NIPT Non-Invasive Prenatal Screening Test

The NIPT (NIP’TEE) is the most accurate way of screening for common chromosome conditions in pregnancy.

The Non-invasive prenatal test (NIPT –NIP’ TEE) is an optional blood test that can be given as early as 10 weeks of pregnancy to screen for developing genetic abnormalities. The test screens for the most common chromosomal conditions that can affect your baby’s health. It gives parents-to-be a choice to obtain important information about the health of their developing baby in the first trimester, with no risk to their pregnancy. Test results are first reported back to your doctor and next shared with you usually within 14 business days

If you are currently pregnant, talk to your fertility specialist or call our fertility team +65 6723 7889 about booking in for an NIPT appointment.

Getting an NIPT screening test, how is it done?

During your doctor visit with one of our specialists, a sample of your blood is drawn for the NIPT screening test. The blood work is sent to the lab where analysis of material (DNA) from you and your baby is tested. Through advanced technology and ‘sequencing’ the test analyses millions of DNA fragments per sample and accurately counts the number of chromosomes present. It then uses a special calculation method to determine if your baby has too many or too few copies of these chromosomes.

What does NIPT screen?

NIPT tests assess the likelihood that your baby has certain genetic disorders caused by deletions, insertions, or duplications of chromosomes or large sections of chromosomes, called aneuploidy (AN-yoo-PLOY-dee).

  • Taking a page from biology, chromosomes usually come in pairs. Normal embryonic cells have 23 pairs of chromosomes – 46 chromosomes in total. NIPT looks for too few or too many copies of these chromosomes. Missing or extra chromosomes can cause intellectual or physical disabilities, with different levels of severity.
  • These disorders include Trisomy 21 (Down Syndrome), Trisomy 18 (Edwards Syndrome), Trisomy 13 (Patau Syndrome), and some sex chromosome conditions. Some tests will also screen for other genetic disorders caused by certain gene variants or single gene mutations.
  • The test evaluates the blood’s cell free DNA (cfDNA), which is fragments of DNA that circulates in your blood outside of the cells. In a pregnant woman, her cfDNA will contain DNA from the placenta, which should be identical to the DNA of the growing fetus.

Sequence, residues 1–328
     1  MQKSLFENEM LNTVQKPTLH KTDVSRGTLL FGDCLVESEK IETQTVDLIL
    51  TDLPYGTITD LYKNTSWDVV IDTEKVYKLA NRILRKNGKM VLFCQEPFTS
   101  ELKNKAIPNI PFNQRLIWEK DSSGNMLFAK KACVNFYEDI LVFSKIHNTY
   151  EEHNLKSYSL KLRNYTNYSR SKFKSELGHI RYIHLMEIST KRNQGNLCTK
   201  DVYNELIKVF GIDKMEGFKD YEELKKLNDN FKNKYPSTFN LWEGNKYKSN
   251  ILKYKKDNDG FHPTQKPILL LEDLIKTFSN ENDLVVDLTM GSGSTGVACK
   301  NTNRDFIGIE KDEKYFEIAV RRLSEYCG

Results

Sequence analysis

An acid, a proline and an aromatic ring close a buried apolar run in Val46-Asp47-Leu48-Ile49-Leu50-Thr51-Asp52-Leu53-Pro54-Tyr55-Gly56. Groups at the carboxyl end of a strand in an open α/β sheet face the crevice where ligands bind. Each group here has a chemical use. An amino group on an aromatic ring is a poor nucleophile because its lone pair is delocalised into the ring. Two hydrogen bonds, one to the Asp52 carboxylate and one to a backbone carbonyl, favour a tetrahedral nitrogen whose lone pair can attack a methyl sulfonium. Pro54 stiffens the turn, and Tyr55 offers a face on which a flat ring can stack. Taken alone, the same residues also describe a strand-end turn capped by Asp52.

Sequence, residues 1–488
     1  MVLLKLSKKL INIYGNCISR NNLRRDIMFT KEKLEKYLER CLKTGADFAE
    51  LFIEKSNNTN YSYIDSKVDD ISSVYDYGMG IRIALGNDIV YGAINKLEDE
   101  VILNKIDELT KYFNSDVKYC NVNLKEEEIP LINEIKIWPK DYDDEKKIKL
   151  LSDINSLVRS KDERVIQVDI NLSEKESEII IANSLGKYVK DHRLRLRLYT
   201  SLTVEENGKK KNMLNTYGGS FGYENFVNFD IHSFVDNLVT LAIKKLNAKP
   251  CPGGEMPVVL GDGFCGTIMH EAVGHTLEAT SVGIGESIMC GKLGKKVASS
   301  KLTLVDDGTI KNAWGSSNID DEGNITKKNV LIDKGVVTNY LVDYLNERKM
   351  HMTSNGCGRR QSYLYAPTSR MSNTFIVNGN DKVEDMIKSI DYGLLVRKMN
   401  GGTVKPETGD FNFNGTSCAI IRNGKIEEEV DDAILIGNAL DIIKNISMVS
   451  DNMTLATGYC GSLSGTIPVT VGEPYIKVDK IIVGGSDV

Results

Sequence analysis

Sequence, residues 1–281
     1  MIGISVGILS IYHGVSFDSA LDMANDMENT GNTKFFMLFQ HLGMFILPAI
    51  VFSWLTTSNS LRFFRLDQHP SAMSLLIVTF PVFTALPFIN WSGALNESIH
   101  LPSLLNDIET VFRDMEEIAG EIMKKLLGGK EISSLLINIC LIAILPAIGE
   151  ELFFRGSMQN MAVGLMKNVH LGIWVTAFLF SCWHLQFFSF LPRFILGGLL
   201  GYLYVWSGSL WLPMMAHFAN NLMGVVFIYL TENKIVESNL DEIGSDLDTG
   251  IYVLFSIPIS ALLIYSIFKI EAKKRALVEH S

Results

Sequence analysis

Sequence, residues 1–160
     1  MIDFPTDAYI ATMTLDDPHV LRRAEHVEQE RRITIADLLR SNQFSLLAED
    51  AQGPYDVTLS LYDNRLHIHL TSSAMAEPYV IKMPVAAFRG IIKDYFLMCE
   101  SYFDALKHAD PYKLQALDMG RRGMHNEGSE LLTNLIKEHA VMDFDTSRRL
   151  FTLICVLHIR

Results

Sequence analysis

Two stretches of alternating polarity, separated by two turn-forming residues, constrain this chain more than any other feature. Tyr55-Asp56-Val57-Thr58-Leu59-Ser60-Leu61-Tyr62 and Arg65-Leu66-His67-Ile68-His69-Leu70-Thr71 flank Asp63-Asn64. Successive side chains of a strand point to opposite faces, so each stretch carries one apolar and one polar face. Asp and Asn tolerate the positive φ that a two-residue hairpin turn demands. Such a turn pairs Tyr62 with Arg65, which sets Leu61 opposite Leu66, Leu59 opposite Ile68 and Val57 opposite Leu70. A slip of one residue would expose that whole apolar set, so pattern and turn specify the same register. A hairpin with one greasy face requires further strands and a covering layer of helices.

How Accurate is the NIPT?

It is important to note that NIPT is a screening test, not a diagnostic test. In a screening test, analysis provides a risk assessment, while diagnostic tests provide yes or no answers in terms of whether a disorder is present. However, NIPT is highly accurate, detecting 97-99% of aneuploidies before delivery. False positives are slightly more common for more rare conditions including single cell mutations.

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Should I do a NIPT, is it right for me?

The choice to undergo any prenatal genetic testing is entirely yours, and it should reflect your personal values and needs. What makes NIPT a unique test is that it’s non-invasive and poses no risk to your developing fetus.

Your physician or fertility specialist can help you to decide on the best course of action for your pregnancy, including whether or not you should take the NIPT. Factors to consider include:

  • At what point or where you are at in the term of your pregnancy, your age, and your family history.
  • Some couples and parents may choose not to undergo any genetic testing and feel comfortable with their risk of having a baby with a genetic disorder. While other parents prefer to be given all possible information to be prepared for their pregnancy journey.

Our patients have access to experienced prenatal genetic counselors.

Ultimately, the decision should be thoroughly considered and discussed with your doctor. Speak to our fertility team to learn more: info.sg@monashivf.com or reach out to us: +65 6723 7889.